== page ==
The unit uses a design-based framework of inquiry that helps you to develop and evaluate learning activities incorporating technology. The unit work is structured so that its end product is a prototype of a learning sequence that is developed by you and informed by your scholarship of technology-enhanced learning. 

Assessment strategy and rationale

The assessment tasks for this unit are designed to demonstrate achievement of each learning outcome.  

Assessment in UNHE505 includes the following sequence of mathemagenic activities (for details, see Laurillard, 2002, p. 63): 

  • “apprehending the structure of academic discourse” (for example, by reading and summarising case studies of educational technology applications) 

  • “interpreting forms of representation” (working with learning designs) 

  • “acting on descriptions of the world” (for example, analysing and solving design problems in teaching units) 

  • “using feedback” (for example, giving and acting on peer and tutor review of designs), and 

  • “reflecting on goal–action–feedback” (using, for example, the Design Inquiry of Learning cycle).  

The rationale for this sequence of activities and assessment items is the observation that expert designers do not rush to a technical solution, but keep their options open to generate a greater number of creative responses (Mathias, 19935). By approaching this unit with a specific teaching improvement in mind, and systematically analysing the problem and the solution together, participants will build expertise in selecting technology-enhanced learning components at the same time as developing a practical learning resource. These skills can contribute the culture of excellence in teaching and enhanced learning experiences university-wide. 

Overview of assessments

Brief Description of Kind and Purpose of Assessment TasksWeightingLearning OutcomesGraduate Attributes

Assessment Task 1 

Task on collecting and examining scholarship of technology-enhanced learning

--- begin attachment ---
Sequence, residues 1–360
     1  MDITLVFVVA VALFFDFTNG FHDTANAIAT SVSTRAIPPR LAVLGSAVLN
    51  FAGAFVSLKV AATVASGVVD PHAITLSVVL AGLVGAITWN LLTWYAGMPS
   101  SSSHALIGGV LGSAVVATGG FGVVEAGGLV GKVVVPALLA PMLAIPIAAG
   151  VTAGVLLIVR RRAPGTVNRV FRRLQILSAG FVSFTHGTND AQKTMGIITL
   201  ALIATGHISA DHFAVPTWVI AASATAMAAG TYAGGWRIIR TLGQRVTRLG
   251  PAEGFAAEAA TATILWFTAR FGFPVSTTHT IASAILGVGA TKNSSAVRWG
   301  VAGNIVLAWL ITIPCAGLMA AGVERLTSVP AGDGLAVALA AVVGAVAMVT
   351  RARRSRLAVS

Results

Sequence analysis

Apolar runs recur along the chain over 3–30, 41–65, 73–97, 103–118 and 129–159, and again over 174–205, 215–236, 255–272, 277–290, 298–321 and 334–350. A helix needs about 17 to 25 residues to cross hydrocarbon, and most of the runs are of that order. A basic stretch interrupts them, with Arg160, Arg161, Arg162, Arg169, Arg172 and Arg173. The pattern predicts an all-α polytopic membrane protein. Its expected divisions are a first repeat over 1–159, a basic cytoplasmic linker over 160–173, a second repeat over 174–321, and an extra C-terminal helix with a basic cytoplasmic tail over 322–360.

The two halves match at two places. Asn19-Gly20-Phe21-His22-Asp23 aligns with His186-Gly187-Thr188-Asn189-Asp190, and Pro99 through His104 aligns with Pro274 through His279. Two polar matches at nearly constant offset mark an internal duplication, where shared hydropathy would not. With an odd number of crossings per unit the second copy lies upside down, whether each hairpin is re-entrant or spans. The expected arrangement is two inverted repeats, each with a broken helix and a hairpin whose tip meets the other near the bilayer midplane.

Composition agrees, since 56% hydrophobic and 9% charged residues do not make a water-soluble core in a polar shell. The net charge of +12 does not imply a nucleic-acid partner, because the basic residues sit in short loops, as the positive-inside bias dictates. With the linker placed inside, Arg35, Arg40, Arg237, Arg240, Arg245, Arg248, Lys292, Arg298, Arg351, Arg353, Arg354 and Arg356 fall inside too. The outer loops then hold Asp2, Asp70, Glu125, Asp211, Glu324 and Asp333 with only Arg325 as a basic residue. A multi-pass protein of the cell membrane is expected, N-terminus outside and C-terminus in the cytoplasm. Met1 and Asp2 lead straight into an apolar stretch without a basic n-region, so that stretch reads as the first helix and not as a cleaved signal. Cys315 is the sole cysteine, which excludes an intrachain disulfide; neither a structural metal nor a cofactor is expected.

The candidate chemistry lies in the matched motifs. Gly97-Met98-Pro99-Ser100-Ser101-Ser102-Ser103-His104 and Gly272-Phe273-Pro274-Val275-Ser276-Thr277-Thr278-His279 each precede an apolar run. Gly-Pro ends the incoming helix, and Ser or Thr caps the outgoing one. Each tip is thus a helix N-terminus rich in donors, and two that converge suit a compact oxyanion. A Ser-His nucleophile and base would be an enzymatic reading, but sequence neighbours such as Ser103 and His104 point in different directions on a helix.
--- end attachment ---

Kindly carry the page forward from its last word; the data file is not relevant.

(for example, summary of an educational technology case study) 


LO1, LO2 

GA5, GA9 

Assessment Task 2 

Task on evaluating a technology-enhanced learning sequence  

(for example, peer review of a design for a learning sequence which incorporates technology) 


LO1, LO2 

GA1, GA2, GA5, GA7, GA9 

Assessment Task 3 

Task on creating effective learning environments that use technology, with scholarly support for design decisions 

(for example, designing, justifying and developing or prototyping a learning sequence which incorporates technology) 


LO1, LO2, LO3, LO4 

GA1, GA2, GA5, GA7, GA9, GA10

Representative texts and references

Required reading 

Bower, M. (2017). Design of technology-enhanced learning: integrating research and practice. Bingley, UK: Emerald. 


Beetham, H., & Sharpe, R. (Eds.). (2013). Rethinking pedagogy for a digital age. New York: Taylor and Francis. [ebrary] 

Boettcher, J., & Conrad, R. (2016). The online teaching survival guide : Simple and practical pedagogical tips (2nd ed.). San Francisco: Jossey-Bass. [MyiLibrary] 

Bower, M., Dalgarno, B., Kennedy, G., Lee, M. J. W., & Kenney, J. (2014). Blended synchronous learning: A handbook for educators. Sydney, Australia: Office for Learning and Teaching, Department of Education. [PDF] 

Other references 

Kirkwood, A., & Price, L. (2014). Technology-enhanced learning and teaching in higher education: What is "enhanced" and how do we know? A critical literature review. Learning, Media and Technology39(1), 6-36. doi: 10.1080/17439884. 2013.770404 

Koehler, M., & Mishra, P. (2009). What is technological pedagogical content knowledge (TPACK)? Contemporary Issues in Technology and Teacher Education, 9(1), 60-70.